UC Santa Cruz’s campus is enveloped by natural beauty. The tall-standing trees accompanying students and staff on their way to class ease the mind. With such beauty comes responsibility. Various groups at UCSC to protect our planet and combat climate change. Their missions start small, focusing first on UCSC’s contributions to climate change.
Enviroslug is a student-run, student-organized group focused on student carbon footprints and climate change education. Students disappointed by UCSC’s lack of desired environmental policies founded the group in 2001.
Enviroslug is comprised of three smaller groups, Campus Sustainability Council (CSC), Student Environmental Center (SEC) and Education for Sustainable Living Program (ESLP).
SEC is a student-run organization that is entirely project-based. This year, SEC is focusing on removing plastic bags from the Bay Tree Bookstore and limiting waste in an effort to reach the university’s 2020 zero waste goal. SEC also creates the annual “Blueprint for a Sustainable Campus,” which acts as a guide for accomplishing sustainable goals on campus.
ESLP hosts student-facilitated Action Research Teams (ARTs), accompanied by a speaker series. These classes educate students about sustainability using SEC’s blueprint goals. This spring quarter, the theme of ESLP’s class is “Narratives of Hope for a Sustainable Future,” and it will host classes that discuss topics like dismantling whiteness in sustainability movements and food systems.
CSC acts as the funding body for Enviroslug. CSC is funded by student fees and gives out $90,000 per year to student organizations and other entities on campus that need funding for sustainability related projects. Both ESLP and SEC can apply for grants through CSC to accomplish their sustainability goals for the year. CSC’s funds are also used to put on Earth Summit.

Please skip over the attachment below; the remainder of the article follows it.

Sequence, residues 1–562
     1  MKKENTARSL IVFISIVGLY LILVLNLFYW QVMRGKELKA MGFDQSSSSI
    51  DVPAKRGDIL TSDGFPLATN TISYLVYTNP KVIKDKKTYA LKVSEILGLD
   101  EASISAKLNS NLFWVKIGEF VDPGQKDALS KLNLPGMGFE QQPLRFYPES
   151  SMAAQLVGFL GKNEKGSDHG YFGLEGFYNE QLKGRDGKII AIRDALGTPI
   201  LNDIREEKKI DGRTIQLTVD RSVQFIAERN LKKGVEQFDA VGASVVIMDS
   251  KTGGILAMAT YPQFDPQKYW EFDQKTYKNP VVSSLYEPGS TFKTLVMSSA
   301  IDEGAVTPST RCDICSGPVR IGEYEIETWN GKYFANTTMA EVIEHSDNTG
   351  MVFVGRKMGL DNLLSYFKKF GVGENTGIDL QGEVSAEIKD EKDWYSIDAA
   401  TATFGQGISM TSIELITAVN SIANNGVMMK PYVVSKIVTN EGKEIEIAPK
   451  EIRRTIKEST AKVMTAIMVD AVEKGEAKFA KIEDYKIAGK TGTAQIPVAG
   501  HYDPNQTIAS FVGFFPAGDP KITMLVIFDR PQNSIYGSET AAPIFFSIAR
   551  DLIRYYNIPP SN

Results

Earth Summit is an annual event hosted by Enviroslug on the last day of Earth Week. Earth Summit invites students, faculty and community members to discuss how UCSC can work to become more sustainable. Established in 2002, Earth Summit is one of the longest running events on campus. Attendees see the advantage to discussing the state of UCSC’s sustainability and have recently begun discussing the city’s sustainability as a whole.
Fossil Free UC
Fossil Free UC, founded systemwide in 2012, demands the UC divest from fossil fuels. The group takes inspiration from the anti-apartheid divestment movements of the 1970s and seeks to harness the power of responsible financing and boycotting. In early 2017, the UCSC chapter marched from the Quarry to the base of campus to draw attention to its cause. In April of last year, the UC announced plans to divest $500 million from fossil fuels. This is less than 20 percent of the total $2.6 billion the UC has invested in fossil fuels, and the organization continues its work.
California Public Interest Research Group (CALPIRG)
Funded by student pledges, CALPIRG has successfully lobbied to ban single-use plastic bags and registered 40,000 students to vote. The group credits its success partially to the $5 voluntary fee that 15 percent of UCSC students pay to CALPIRG every quarter. Established statewide in 1970, with a Santa Cruz chapter in 1976, the organization has a strong presence at UCSC. The group’s current focus is to encourage UCSC to shift to 100 percent renewable energy on campus and to protect bees from toxic pesticides.
Food Systems Working Group (FSWG)
FSWG ensures on-campus dining options are sustainable and healthy. The group works with the UCSC farm, Center for Agroecology and Sustainable Food Systems (CASFS), to provide fresh and local food to students through the Slug Support Pantry and the produce pop-up, a stand that sells fresh vegetables twice a week for prices lower than most supermarkets. They also publish the Campus Food and Garden Guide every year to help students navigate and find new food options on campus.
The People of Color Sustainability Collective (PoCSC)
PoCSC promotes environmental justice at UCSC. Founded as a collaboration between the five ethnic resource centers and the Sustainability Office, the group creates space for discussions surrounding the intersections of race and sustainability. Each year, the group hosts several discussion events centering race and environmental justice. The talks cover a variety of issues, ranging from racism in pig farming to clean water access.